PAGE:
Canada infrastructure minister touts diversity as strength in smart city projects
- Canada’s Minister of Infrastructure and Communities Amarjeet Sohi said diversity is the country’s greatest strength, even as it moves toward more smart city projects that may not directly impact those in rural areas.
- In a keynote address on the second day of the Smart Cities New York conference, Sohi said the country’s Smart Cities Challenge is bringing together people from all sectors and walks of life to solve problems, and the projects that compete for the grand prize will have positive effects beyond the cities they are planned for.
- Sohi said the challenge means people are “sitting at the table trying to solve a problem,” and that there is plenty of “untapped potential” out there being brought into the fold.
Applications for the challenge closed last month, and Sohi said the Canadian government received more than 130 proposals that solve challenges as varied as senior services, environmental sustainability, youth homicide and suicides among indigenous peoples. And with Nokia having launched a joint program to provide more than $2 billion CAD (about $1.5 billion USD) to fund those projects and complement the contest, competition between jurisdictions will be fierce.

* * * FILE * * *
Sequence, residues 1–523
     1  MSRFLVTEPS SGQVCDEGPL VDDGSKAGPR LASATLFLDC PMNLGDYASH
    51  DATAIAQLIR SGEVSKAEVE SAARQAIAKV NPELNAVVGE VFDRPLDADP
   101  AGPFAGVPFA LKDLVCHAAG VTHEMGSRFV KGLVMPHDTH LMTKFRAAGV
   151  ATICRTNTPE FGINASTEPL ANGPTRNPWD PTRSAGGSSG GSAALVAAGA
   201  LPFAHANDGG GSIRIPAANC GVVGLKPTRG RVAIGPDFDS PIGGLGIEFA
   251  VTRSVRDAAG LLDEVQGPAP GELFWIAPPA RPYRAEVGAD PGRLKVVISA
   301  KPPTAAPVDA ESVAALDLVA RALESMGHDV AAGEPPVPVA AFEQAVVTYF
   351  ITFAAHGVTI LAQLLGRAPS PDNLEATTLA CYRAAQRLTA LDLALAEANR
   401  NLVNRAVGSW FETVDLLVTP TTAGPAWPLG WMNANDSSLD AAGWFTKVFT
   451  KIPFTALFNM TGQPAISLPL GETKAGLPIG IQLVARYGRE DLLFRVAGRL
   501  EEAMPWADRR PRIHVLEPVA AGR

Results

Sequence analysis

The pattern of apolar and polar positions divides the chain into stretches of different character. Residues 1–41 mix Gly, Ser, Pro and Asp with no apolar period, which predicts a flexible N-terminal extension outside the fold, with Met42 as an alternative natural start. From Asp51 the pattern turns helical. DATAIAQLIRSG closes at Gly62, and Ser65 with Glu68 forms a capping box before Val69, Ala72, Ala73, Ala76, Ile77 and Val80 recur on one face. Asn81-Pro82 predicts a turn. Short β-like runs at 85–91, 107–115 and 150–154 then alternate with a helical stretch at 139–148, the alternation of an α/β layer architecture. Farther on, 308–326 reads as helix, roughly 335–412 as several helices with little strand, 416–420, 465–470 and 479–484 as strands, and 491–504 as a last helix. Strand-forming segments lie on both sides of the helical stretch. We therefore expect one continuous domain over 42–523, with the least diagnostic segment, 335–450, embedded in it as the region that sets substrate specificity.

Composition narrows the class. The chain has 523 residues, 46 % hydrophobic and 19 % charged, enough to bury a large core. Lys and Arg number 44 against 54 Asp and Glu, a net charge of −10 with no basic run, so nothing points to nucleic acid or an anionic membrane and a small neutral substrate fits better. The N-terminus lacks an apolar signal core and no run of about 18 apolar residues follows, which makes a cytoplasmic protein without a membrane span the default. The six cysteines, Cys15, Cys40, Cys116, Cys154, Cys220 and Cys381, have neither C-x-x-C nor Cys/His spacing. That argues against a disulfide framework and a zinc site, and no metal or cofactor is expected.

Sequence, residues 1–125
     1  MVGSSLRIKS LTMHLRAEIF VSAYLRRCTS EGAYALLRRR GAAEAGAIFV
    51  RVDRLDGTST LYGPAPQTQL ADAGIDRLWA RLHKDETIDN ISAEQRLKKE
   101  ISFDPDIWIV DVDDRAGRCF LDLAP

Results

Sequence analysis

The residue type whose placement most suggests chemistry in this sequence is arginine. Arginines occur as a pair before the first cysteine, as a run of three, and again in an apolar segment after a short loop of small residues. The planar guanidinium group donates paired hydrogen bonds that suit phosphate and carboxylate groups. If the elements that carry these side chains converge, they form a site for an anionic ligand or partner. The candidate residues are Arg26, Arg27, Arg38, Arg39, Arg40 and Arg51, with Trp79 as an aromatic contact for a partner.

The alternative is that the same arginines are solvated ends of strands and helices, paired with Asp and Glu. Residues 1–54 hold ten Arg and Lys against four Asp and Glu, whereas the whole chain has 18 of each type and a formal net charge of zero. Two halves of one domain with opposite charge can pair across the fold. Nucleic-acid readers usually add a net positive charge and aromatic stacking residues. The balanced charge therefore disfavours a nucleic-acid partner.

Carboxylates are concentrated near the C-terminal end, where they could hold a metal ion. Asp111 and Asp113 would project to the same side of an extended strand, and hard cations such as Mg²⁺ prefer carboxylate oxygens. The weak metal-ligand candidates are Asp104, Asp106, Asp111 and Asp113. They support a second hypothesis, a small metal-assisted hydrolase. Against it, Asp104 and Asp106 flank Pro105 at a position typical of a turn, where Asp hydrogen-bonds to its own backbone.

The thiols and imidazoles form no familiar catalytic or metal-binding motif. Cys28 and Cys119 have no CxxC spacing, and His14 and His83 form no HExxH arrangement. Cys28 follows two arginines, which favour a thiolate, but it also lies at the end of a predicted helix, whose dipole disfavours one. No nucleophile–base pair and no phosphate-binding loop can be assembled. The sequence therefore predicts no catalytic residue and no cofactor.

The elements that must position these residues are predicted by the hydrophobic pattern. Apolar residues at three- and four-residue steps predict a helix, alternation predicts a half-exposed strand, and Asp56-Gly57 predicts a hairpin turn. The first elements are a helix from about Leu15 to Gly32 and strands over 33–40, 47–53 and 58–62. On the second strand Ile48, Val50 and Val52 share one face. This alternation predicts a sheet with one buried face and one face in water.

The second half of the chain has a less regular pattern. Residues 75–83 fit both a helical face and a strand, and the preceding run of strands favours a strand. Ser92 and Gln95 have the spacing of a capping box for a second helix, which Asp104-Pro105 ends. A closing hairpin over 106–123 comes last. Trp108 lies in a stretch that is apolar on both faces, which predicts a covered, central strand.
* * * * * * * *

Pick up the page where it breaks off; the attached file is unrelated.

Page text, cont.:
Sohi said in his speech that all the applications, regardless of whether they are shortlisted for a prize, will be compiled and made public so cities and communities can look at what their peers have proposed and see whether it is something they can replicate. "We want to make sure whatever ideas are supported, it’s applicable and other localities can use it to solve their problems as well," he said.
Canada appears to be looking ahead in terms of innovations, whether it be the Sidewalk Labs' smart city in Toronto, a partnership between Kingston, Ontario and Bell to employ a smart city platform, or the provincial and federal government’s investments in high-speed rail between Vancouver and Seattle and new buses in Toronto, respectively.
And Sohi said that all these partnerships must portend a changing relationship between government and the private sector, which he said must move from 'ad hoc, one-off relationships to a more sustainable, long-term approach."
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